Last year saw an influx of compact SUVs as car companies fell over each other trying to cash in on the burgeoning segment.
Going by sales figures, you can hardly blame them: despite sales being down practically across the board in 2014, small SUV sales continue to rise, with the numbers from the Federal Chamber of Automotive Industries showing the segment is up 14.4 per cent on the same time last year.
And yet, it is the old guard that is dominating sales rather than the models that arrived as part of the 2013 baby boom.
The Hyundai ix35 has lorded over its rivals for some time and while its sales have slipped slightly over the past 12 months, it is still the clear leader with a market share of 23.4 per cent nationally and an even bigger 35.1 per cent in WA. Other relative oldies like the Subaru XV, Nissan Dualis, Mitsubishi ASX and Volkswagen Tiguan round out the top five.
It can often take time for new models to find their footing in terms of sales but they have been known to burst on to the scene. The Mazda CX-5 was launched locally in February 2012; by April that year it was already making up 19.8 per cent of all mid-sized SUVs under $60,000 sold in Australia, passing the established Nissan X-Trail, Toyota RAV4 and Honda CR-V to lead all comers.
The CX-5 benefited from replacing the existing CX-9, but even with the growing popularity of compact SUVs, none of the class of 2013 has had such an impact. The Holden Trax has been the best of the lot, racking up 2505 sales nationally so far this year and selling enough in WA to take fifth spot overall in WA.
However the boldly weird Nissan Juke makes up just 3.3 per cent of the market, which drops to 2.1 per cent for the Suzuki S-Cross and 2 per cent for the Ford EcoSport.
It's worth noting both the S-Cross and EcoSport only arrived in December, a few months after the Trax and Juke, meaning there has been less time to become familiar with buyers.
The two French additions to the market have barely made a ripple since arriving midyear, with the Peugeot 2008 only selling 207 units in 2014 for a 0.7 per cent share and the Citroen C4 Aircross a paltry 16, despite Citroen getting a new distributor early last year.
Suzuki Australia communications manager Andrew Ellis said the S-Cross had initially been hampered by supply issues due to it being the first car the company had sourced from its Hungary factory.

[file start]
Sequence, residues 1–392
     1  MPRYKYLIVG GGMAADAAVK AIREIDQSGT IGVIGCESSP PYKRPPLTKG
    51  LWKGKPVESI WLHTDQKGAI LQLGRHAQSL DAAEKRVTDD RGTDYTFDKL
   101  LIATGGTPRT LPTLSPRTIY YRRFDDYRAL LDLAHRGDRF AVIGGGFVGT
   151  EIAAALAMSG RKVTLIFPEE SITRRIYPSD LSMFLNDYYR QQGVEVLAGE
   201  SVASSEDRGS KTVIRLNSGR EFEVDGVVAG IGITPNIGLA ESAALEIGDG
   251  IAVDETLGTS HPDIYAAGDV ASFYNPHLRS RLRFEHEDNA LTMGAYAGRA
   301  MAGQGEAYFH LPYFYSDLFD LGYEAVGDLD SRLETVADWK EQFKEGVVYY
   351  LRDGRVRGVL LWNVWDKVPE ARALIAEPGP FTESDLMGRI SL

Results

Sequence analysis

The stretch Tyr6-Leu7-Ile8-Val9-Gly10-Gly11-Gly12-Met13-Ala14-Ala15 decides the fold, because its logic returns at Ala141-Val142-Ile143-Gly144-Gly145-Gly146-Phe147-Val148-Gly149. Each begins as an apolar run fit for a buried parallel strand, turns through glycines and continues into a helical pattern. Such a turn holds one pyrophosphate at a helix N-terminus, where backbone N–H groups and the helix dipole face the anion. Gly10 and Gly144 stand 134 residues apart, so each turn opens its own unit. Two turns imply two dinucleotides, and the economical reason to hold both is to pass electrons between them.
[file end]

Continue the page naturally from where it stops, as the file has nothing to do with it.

"We did better last month, which was the first time we've had full supply.
"We'd like to be doing 400 or 500 a month and we think with the supply issues sorted we'll be close to that figure," he said.
In a statement, Nissan said it was happy with the performance of the Juke and it had brought new customers to the brand.
Ford brand communications manager Neil McDonald said only having one variant available at the time of the EcoSport's launch had hampered its ability to attract buyers but it would perform better with the full range being available to customers since February.
Mr McDonald said buyers themselves were still coming to terms with small SUVs
"It'll be interesting to see how things progress as consumers become more aware of these vehicles and their practicalities around the CBDs and also in the country," he said.
The scene will get even more crowded in the future. Nissan will next month introduce the Dualis' successor, the Qashqai, while the long-awaited Renault Captur will also arrive this year.
The Honda Hr-V and Lexus NX are also confirmed for Australia, while Hyundai may aim to strengthen its stranglehold by bringing in the smaller ix25, which will soon hit Chinese roads.
NATIONAL BABY SUV SALES FOR 2014 (to end of May)
Hyundai ix35: 7275 (23.4 per cent market share)
Subaru XV: 4471 (14.4)
Nissan Dualis: 3938 (12.7)
Mitsubishi ASX: 3297 (10.6)
Volkswagen Tiguan: 2660 (8.6)
2013's NEW ARRIVALS
Citroen C4 Aircross: 16 (0.1 per cent market share)
Peugeot 2008: 207 (0.7)
Ford EcoSport: 619 (2.0)
Suzuki S-Cross: 666 (2.1)
Nissan Juke: 1017 (3.3)
Holden Trax: 2505 (8.1)